This is the inaugural edition of a new feature: author/blogger interviews. Today I’m chatting with Sourcerer contributor Luther M. Siler, author of The Benevolence Archives and Skylights. Luther has graciously agreed to conduct the next interview.
1. You’ve just released The Sanctum of the Sphere, volume two of The Benevolence Archives. Can you tell us a little about that series and how it came about?
I read an interview with Brian K. Vaughan, writer of the excellent comic book sci-fi series SAGA, right after George Lucas sold Lucasfilm to Disney. Vaughan made a point that resonated with me immediately: instead of getting mad at Lucas for doing what he wanted with what was, after all, kinda HIS stuff, why not channel that energy into making up our own stories? I don’t know that he specifically used SW as inspiration, but the question that ended up leading to the series was “What would happen if Han and Chewie just took off after getting Luke to Yavin?” Some fiddling and, boom. Benevolence Archives.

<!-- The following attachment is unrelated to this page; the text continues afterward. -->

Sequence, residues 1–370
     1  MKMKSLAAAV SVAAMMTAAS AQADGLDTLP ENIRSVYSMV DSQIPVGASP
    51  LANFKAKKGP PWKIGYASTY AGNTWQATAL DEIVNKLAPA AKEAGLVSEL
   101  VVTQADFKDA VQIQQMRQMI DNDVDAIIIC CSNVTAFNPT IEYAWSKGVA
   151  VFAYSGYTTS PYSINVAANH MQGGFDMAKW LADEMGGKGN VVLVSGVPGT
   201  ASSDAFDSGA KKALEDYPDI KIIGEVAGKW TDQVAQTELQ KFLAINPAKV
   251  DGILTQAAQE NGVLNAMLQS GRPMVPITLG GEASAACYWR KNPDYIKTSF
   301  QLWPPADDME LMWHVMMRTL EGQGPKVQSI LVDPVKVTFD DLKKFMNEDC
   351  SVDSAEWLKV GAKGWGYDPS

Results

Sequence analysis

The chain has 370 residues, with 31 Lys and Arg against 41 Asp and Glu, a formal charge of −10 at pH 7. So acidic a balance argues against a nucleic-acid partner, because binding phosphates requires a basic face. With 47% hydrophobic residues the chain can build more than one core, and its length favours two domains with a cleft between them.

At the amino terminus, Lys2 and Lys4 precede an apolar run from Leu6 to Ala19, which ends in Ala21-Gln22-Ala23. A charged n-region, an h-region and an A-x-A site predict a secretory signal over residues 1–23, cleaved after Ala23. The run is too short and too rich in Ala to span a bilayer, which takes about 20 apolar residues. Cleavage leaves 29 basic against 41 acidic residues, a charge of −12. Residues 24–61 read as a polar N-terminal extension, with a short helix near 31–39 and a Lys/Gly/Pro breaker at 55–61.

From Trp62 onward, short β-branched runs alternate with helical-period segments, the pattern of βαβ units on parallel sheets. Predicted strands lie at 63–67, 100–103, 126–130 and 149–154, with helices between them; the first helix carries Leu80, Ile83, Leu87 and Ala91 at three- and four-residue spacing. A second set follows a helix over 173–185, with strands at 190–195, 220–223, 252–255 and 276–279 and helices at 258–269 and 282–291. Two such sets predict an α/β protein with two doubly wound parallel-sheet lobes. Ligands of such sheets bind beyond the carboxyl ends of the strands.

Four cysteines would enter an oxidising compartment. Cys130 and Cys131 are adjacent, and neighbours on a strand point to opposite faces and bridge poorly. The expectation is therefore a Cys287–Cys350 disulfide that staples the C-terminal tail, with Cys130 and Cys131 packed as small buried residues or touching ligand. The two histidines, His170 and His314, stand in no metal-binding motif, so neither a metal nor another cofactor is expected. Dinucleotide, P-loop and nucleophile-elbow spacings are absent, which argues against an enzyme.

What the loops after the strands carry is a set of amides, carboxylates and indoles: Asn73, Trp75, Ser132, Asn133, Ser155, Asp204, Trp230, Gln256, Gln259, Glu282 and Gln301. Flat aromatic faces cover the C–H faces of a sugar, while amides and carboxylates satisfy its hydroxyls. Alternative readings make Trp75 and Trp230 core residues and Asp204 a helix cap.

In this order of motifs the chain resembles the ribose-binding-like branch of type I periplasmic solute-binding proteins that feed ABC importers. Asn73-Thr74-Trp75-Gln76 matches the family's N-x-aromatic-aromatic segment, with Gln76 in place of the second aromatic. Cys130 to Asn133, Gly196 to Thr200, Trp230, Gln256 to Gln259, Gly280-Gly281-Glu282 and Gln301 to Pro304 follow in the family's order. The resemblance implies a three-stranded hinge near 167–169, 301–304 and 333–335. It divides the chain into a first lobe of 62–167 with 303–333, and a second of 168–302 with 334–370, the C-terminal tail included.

2. What geeky goodness do you have planned for us next on the fiction front?
My next book– at least tentatively– will be a nonfiction book about teaching called Searching for Malumba. I foresee that coming out late fall or early winter 2015. If it comes out. I’ve tried to write it before and failed. After that, probably the sequel to Skylights, and wrapped around that will be some more Benevolence Archives short stories. My plan is for the third BA book to be another short story collection, although release for that is unlikely until 2016 at this point.
3. Do you see yourself ever expanding your fiction beyond sci-fi?
Absolutely. There are a few short stories on my blog that are pure fantasy, and I’ve even got one published that’s got no science fiction elements to it. My first love is fantasy, and truth be told I read MUCH more fantasy than I do science fiction. I dabble in horror from time to time as well.